About the album
Bert Jansma (jazz journalist): "Such nonsense, those discussions about jazz-then, jazz-now, jazz-in-the-future and jazz-how! These were my first thoughts while listening to “Rise and Shine’ by the Dutch Ruud Breuls/Simon Rigter Quintet. Because I heard pure jazz, jazz of all eras. Not pretentious, no affectation, no back-door agendas, but jazz by five musicians who got together ‘just’ to make beautiful music. Each of them is highly skilled, and always conscious of the emotional content of their sound. Tenor sax player Simon Rigter and trumpeter Ruud Breuls first got together in 1997 under the leadership of pianist and father of Dutch jazz Cees Slinger, in the band Buddies in Soul. Slinger passed away in 2007, leaving the “buddies’ Breuls and Rigter on their own. Both are highly respected soloists in big bands, the former in the German WDR Big Band, the latter in the Jazz Orchestra of the Concertgebouw. In their current quintet, they are joined by a rhythm section of the same high calibre: pianist Karel Boehlee (who has accompanied Toots Thielemans in his European concerts), bass player Jos Machtel and the versatile drummer Marcel Serierse. Amongst the compositions they present here, there's only one standard: “Let's Cool One” by Thelonious Monk.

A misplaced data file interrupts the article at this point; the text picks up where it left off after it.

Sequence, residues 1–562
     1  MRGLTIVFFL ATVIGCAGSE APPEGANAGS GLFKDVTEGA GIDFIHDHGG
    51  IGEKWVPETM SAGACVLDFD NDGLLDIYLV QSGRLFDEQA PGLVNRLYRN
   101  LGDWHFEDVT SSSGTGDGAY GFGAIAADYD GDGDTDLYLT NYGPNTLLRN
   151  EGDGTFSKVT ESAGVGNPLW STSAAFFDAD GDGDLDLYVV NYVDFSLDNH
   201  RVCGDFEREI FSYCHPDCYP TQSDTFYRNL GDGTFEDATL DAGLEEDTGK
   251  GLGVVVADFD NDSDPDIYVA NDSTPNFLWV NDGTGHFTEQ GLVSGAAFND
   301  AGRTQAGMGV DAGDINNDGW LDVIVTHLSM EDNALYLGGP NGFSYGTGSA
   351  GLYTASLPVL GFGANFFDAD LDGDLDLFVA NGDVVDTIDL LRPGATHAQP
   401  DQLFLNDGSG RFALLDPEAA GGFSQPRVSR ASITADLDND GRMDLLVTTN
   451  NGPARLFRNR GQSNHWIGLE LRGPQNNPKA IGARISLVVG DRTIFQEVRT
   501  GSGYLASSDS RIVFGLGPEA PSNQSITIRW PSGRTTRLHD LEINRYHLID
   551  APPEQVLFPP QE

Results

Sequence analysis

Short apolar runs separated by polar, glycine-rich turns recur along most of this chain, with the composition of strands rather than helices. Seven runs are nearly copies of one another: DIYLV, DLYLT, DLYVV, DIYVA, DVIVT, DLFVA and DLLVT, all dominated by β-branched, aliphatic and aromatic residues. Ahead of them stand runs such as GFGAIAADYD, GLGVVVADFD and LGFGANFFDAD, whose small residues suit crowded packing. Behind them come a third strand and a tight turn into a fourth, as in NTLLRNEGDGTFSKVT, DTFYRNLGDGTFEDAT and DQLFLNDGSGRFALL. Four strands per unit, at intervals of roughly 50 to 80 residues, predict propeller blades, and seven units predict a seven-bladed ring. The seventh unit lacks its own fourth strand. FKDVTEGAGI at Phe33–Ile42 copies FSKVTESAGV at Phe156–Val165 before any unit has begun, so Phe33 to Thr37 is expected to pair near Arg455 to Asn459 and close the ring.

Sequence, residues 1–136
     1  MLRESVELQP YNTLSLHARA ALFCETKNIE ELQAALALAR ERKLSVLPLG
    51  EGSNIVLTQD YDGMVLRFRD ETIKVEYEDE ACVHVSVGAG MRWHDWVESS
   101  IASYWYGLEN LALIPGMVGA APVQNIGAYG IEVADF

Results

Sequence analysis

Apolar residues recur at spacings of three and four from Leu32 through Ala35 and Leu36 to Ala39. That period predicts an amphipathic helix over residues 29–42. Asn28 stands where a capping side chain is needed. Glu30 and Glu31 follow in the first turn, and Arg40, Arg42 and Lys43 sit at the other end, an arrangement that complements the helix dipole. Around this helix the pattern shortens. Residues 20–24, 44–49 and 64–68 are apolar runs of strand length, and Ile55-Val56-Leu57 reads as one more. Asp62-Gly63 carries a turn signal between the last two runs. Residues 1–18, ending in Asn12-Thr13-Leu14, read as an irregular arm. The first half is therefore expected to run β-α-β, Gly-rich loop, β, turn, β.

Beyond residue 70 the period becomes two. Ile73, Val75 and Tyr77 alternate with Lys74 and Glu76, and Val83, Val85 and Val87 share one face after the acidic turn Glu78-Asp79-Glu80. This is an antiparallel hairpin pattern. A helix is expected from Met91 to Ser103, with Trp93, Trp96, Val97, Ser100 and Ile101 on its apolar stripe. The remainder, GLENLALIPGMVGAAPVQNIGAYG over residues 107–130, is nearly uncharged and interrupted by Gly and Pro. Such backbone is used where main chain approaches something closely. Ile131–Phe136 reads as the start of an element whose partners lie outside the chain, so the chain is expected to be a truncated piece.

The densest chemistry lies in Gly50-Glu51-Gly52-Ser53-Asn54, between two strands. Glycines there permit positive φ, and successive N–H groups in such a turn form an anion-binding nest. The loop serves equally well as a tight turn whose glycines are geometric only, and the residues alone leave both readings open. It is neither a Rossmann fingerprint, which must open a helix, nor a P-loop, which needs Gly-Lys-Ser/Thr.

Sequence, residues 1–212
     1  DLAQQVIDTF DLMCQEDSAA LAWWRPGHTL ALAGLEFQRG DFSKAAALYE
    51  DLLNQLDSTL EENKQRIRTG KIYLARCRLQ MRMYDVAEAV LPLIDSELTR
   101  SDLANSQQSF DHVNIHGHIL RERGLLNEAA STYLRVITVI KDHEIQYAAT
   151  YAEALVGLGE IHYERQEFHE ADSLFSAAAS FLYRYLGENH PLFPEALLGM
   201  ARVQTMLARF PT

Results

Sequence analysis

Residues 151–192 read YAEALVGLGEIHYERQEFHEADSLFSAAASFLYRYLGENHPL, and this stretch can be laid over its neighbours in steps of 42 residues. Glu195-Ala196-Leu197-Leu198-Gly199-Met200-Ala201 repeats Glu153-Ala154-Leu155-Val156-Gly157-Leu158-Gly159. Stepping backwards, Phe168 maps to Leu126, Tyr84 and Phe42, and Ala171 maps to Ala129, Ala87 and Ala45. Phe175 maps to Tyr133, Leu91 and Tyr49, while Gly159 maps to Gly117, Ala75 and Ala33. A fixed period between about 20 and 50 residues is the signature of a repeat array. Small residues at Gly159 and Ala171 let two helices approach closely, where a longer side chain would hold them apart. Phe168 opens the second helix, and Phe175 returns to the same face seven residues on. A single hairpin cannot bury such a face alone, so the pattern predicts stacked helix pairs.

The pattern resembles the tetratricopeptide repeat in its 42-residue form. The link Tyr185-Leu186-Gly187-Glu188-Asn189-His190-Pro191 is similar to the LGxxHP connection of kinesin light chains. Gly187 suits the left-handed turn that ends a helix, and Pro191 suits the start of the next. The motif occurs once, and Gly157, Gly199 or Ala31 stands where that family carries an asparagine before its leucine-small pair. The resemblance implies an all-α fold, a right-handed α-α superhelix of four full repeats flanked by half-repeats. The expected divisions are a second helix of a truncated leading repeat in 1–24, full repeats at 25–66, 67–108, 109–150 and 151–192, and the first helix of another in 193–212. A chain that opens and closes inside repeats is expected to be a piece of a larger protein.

The remaining seven are their own work, emphasising the musical personality of the band. Three of them are penned by tenor man Rigter and four by pianist Boehlee, proving them to be strong storytellers with a colourful palette. Simon Rigter likes to quote Dizzy Gillespie, who said that good jazz has to have one foot in the past and the other in the future. “In my compositions, I am a bit more conscious of the past,” he comments, “while a musician like Karel Boehlee writes with a more modern approach”. Be that as it may, the match is ideal. Listen to Simon's boppish “Blanton”, referring to Ellington's bass player Jimmy Blanton, one of the most influential bassists in jazz history, or his ‘Rise and Shine”, with echoes of the Messengers. Or Boehlee’s beautiful “Goodbye Cerbaia”, its pain veiled by beauty and with Breuls as the perfect balladeer on flugelhorn. And Marcel Serierse’s brushes and sticks leading Rigter's jumpy “Olivia’s dance” written for his little niece; or Boehlee’s sensitive and thoughtful “Passage of Jaco”. Emotions and colours galore. ‘Honest music,’ Simon Rigter adds. ‘We recorded it in a single take, no additions, no repairs.’ Jazz that is heartfelt.“